Citigroup announced yesterday a US$1.5 million grant to support microfinance projects in China.
The money, following a first US$1.3 million grant in 2001 to offer microfinance loans to Chinese farmers, will be used to provide better training and technical services to management and staff of microfinance institutions throughout the country.
It is expected that about 1,000-1,500 people will receive such training over the next five years at the Microfinance Training Centre. Backed by Citigroup, the centre is managed by the Rural Development Institute of the Chinese Academy of Social Sciences.
Microfinance, a supplement to bank loans and fiscal subsidies, often involves small-volume lending to farmers or laid-off workers to help them start up their own businesses and alleviate poverty. Normally, such loans are granted via specialized agencies like poverty-relief co-operatives.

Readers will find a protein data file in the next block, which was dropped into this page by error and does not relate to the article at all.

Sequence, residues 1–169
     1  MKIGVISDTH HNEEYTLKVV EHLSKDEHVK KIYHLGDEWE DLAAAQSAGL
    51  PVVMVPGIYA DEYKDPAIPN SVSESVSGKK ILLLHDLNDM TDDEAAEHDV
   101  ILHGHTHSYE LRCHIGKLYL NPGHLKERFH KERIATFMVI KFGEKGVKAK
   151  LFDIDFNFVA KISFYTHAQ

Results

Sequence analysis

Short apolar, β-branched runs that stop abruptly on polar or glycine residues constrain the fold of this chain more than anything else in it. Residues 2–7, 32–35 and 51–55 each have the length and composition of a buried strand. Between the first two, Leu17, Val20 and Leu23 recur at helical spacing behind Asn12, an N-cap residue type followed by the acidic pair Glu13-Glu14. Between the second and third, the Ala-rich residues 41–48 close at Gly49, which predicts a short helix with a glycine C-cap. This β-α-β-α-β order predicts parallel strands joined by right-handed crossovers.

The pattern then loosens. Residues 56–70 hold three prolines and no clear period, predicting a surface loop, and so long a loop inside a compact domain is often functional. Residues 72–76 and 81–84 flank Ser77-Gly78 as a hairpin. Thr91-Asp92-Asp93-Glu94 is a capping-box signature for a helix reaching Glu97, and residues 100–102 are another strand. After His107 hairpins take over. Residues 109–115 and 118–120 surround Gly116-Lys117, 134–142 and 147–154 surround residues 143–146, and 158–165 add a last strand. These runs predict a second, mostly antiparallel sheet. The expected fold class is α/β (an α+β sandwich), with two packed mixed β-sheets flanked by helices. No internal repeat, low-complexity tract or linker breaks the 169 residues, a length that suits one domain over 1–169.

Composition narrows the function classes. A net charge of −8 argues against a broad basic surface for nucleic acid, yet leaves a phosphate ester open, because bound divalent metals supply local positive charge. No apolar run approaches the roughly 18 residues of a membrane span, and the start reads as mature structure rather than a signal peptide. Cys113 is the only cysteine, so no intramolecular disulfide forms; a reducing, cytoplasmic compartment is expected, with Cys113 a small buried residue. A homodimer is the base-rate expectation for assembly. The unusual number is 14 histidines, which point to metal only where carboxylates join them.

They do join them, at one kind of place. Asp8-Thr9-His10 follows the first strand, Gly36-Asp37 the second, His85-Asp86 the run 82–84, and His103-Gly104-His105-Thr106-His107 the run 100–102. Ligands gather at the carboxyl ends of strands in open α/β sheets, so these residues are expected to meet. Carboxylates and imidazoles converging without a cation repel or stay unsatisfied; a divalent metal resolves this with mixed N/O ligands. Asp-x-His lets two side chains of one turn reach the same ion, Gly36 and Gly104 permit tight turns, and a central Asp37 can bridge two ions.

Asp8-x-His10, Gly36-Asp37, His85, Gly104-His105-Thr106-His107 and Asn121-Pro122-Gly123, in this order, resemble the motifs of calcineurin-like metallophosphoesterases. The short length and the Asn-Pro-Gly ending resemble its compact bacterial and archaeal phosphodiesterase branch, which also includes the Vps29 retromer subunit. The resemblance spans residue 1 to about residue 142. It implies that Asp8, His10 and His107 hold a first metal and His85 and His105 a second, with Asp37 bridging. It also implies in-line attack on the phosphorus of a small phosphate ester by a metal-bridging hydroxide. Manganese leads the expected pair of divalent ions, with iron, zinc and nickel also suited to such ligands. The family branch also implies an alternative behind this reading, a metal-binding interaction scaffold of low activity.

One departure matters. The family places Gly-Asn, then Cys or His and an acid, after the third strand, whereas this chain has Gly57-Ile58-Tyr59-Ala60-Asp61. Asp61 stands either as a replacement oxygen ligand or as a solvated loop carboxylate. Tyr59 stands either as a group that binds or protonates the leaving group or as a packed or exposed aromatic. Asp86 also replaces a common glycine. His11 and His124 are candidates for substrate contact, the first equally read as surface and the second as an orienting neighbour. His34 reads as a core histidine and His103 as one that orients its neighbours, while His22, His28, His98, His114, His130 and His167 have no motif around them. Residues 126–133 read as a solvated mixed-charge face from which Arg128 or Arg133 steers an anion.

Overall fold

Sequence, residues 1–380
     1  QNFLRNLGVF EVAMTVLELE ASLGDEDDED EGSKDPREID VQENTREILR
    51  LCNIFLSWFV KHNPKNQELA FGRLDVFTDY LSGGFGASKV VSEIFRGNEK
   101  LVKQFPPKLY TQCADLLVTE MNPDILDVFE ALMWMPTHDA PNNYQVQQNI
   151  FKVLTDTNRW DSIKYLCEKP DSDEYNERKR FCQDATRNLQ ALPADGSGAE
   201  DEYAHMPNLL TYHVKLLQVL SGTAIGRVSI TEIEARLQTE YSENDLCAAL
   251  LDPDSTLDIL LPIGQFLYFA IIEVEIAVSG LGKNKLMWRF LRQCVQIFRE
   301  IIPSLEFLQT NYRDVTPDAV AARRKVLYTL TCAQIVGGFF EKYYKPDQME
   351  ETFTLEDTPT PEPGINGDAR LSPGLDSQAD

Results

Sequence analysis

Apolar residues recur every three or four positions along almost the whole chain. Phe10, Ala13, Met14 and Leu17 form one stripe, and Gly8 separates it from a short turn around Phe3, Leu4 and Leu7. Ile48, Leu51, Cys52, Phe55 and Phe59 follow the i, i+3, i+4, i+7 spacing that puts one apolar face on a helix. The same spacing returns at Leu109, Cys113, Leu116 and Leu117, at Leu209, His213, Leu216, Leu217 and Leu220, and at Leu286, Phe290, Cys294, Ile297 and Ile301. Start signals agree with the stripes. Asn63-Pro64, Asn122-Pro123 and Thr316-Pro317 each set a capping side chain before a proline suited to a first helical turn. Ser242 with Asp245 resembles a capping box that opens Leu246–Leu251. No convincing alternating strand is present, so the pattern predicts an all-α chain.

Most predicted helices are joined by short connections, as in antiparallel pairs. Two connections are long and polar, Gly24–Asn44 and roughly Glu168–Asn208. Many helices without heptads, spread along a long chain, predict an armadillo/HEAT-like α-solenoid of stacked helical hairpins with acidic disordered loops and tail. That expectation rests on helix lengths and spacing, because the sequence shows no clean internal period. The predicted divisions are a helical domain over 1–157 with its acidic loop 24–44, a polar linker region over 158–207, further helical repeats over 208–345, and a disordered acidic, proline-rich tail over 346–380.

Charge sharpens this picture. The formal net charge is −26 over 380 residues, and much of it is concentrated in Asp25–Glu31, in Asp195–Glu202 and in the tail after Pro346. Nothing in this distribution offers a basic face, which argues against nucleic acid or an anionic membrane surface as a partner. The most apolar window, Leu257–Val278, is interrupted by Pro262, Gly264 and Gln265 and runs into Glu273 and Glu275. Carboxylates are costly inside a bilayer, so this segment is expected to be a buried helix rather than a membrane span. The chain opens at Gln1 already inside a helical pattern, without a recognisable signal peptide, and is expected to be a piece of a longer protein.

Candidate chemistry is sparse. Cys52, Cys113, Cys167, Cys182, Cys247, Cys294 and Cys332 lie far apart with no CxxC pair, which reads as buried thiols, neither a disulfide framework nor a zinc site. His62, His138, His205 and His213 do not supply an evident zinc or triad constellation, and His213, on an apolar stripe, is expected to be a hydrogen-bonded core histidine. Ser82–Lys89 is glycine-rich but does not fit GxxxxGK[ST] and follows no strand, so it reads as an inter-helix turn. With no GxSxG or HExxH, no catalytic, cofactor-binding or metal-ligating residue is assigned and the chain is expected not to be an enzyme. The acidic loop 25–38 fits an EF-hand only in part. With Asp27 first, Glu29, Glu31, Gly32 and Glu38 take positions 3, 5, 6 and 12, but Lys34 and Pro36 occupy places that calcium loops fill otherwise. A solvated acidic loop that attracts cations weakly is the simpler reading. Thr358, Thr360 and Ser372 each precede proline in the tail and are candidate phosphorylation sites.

Microfinance has been a reality in China for a decade, but the sector is still hounded by a shortage of qualified professionals and funding resources, experts say.
Systematic staff training and regular exchanges with overseas experts will help improve the situation, said Du Xiaoshan, deputy director of the Rural Development Institute.
Catherine Weir, Citigroup's country officer for China, says its participation in microfinance projects will help create more sustainable growth for Chinese communities and allow stronger local economies to develop.
The construction of better infrastructure within the sector will lay a solid foundation for the future growth of microfinance.
Citigroup has awarded US$19 million in grants to 178 microfinance partners in more than 50 countries, corporate statistics show.
In China, most of the micro-finance agencies are non-government organizations. It is expected that an industrial association will be established for the agencies to enhance their self-discipline and interaction, according to Bai Chengyu, head of the Support and Co-ordination Office for the Poverty Alleviation Programme, which is run by the United Nations Development Programme and the Ministry of Commerce.
(China Daily November 17, 2004)